MONOGAMY IS INHERENTLY RACIST AND SEXIST.

MONOGAMY IS INHERENTLY RACIST AND SEXIST.

MONOGAMY IS INHERENTLY RACIST AND SEXIST.

MONOGAMY IS INHERENTLY RACIST AND SEXIST.

MONOGAMY IS INHERENTLY RACIST AND SEXIST.

MONOGAMY IS INHERENTLY RACIST AND SEXIST.

MONOGAMY IS INHERENTLY RACIST AND SEXIST.

MONOGAMY IS INHERENTLY RACIST AND SEXIST.

MONOGAMY IS INHERENTLY RACIST AND SEXIST.

MONOGAMY IS INHERENTLY RACIST AND SEXIST.

MONOGAMY IS INHERENTLY RACIST AND SEXIST.

MONOGAMY IS INHERENTLY RACIST AND SEXIST.

MONOGAMY IS INHERENTLY RACIST AND SEXIST.

MONOGAMY IS INHERENTLY RACIST AND SEXIST.

MONOGAMY IS INHERENTLY RACIST AND SEXIST.

MONOGAMY IS INHERENTLY RACIST AND SEXIST.

MONOGAMY IS INHERENTLY RACIST AND SEXIST.

MONOGAMY IS INHERENTLY RACIST AND SEXIST.

MONOGAMY IS INHERENTLY RACIST AND SEXIST.

MONOGAMY IS INHERENTLY RACIST AND SEXIST.

MONOGAMY IS INHERENTLY RACIST AND SEXIST.

MONOGAMY IS INHERENTLY RACIST AND SEXIST.

"I prefer to be committed."

Here, let me tell you why you’re wrong…

I am committed to jogging for thirty minutes a day, but some days I also lift weights on top of that. I am committed to learning guitar, but I can learn keyboard at the same time.

"Commitment" does not mean that you are solely and entirely devoted to one thing. "Commitment" means that you are dedicated, invested, consistent.

Polyamory is just as committed as monogamy - by which I mean that the level of love and commitment to each relationship is dependant upon the individuals involved, not the style of the relationship.

Polyamory does not mean that you are lacking in commitment or dedication to the relationship - it just means that you are, with the consent of everyone involved, engaging in multiple relationships at once (akin to having multiple friendships, multiple children or family members, the different relationships are not dictated or lessened by the existence of the others).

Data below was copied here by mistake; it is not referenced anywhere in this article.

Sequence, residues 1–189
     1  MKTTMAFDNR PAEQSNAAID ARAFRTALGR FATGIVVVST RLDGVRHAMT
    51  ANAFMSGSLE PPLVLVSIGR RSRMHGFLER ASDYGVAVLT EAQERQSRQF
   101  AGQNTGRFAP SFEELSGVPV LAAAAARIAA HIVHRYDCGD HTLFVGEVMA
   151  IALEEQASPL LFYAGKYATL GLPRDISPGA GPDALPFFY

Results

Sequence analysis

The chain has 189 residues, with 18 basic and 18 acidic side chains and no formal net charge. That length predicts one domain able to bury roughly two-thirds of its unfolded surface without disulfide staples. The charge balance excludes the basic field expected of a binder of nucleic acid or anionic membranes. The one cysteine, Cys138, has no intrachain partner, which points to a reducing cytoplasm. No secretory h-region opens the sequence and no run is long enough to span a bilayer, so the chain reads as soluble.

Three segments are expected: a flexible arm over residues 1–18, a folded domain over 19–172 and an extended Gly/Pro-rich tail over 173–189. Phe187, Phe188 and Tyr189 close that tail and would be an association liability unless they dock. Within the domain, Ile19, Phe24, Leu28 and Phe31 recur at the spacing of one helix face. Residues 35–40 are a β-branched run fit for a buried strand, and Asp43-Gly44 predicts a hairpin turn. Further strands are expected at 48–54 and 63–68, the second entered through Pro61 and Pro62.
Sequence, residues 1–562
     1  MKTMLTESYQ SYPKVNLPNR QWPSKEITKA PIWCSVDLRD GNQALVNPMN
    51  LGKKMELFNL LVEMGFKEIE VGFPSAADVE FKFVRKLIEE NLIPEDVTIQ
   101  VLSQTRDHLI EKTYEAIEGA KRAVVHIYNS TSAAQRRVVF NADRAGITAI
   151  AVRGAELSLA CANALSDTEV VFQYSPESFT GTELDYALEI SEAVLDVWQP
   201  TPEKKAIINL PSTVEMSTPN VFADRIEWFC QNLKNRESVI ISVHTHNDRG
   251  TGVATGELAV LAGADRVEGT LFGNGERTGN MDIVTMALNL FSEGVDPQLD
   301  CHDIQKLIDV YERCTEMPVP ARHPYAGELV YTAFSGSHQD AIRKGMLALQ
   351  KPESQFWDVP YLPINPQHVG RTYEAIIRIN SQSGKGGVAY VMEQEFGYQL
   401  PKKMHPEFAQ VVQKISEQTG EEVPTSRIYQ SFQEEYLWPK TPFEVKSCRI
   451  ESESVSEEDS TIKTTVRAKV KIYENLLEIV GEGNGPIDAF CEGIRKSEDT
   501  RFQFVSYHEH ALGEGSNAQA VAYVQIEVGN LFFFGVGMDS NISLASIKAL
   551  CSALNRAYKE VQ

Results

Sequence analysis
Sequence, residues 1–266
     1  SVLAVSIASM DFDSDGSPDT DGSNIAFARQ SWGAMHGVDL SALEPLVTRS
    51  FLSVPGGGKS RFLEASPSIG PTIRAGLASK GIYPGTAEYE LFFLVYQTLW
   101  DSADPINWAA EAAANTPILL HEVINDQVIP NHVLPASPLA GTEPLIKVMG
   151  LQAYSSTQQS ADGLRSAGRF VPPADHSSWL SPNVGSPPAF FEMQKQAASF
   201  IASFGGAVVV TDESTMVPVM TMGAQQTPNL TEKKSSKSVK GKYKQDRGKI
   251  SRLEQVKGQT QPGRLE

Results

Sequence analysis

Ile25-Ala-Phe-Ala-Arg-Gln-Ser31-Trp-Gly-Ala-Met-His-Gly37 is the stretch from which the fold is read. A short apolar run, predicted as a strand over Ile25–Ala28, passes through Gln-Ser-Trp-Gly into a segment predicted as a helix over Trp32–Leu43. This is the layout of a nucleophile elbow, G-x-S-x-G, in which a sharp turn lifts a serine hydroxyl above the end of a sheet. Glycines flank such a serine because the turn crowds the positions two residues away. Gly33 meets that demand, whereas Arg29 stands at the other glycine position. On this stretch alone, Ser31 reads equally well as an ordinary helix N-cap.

What you prefer to be is “monogamous”. You prefer to be with one person at a time, because you feel that is the most beneficial and enjoyable way for you personally to expend your time and energy - it is no more or less ethical or admirable, it is just the relationship style you are most comfortable in.

Quit invalidating my commitment in order to validate your own.

Anytime someone actually advocates, publicly supports, or talks about the benefits of polyamory, there’s a chorus of monogamous people demanding that their choices be respected.

Like, damn, I respect your fricking choices. But I’ve spent my entire life since birth learning about why monogamy is better. Every popular notion of romance is based on monogamy. Almost every film with a love story is based on monogamy— even when there’s cheating, monogamous love is still taken as the default, the assumed, the best.

Monogamy has been sold to me, to everyone, with a marketing scheme of trillions of dollars, with every social and entertainment resource available, with religion, with the LGBT rights movement, with our own families.

And yet if we try to explain why we think polyamory has benefits, that’s inappropriate, that is shaming monogamous people, we need to respect their choices. Apparently, we’re only supposed to say that it’s our own “personal choice,” or lifestyle, equal to any other.

Well, I respect people’s choice to be monogamous, but I do think there are benefits to polyamory, and that’s why I choose it. If you don’t want it, don’t choose it; your culture will support your monogamy one million percent.

But don’t be afraid of someone explaining why they love polyamory, why it’s beautiful and meaningful to them. You can deal with hearing their pitch! People need to hear about why people choose polyamory and what it can do for your life, because I don’t think the tsunami of support for monogamous coupling is going to stop anytime soon, and it’s not fair, not to poly people or to people who might want to be poly but think they have no choice but to be monogamous. They don’t just need to hear that polyamory exists; they deserve to hear from people who love it, who think that it is wonderful.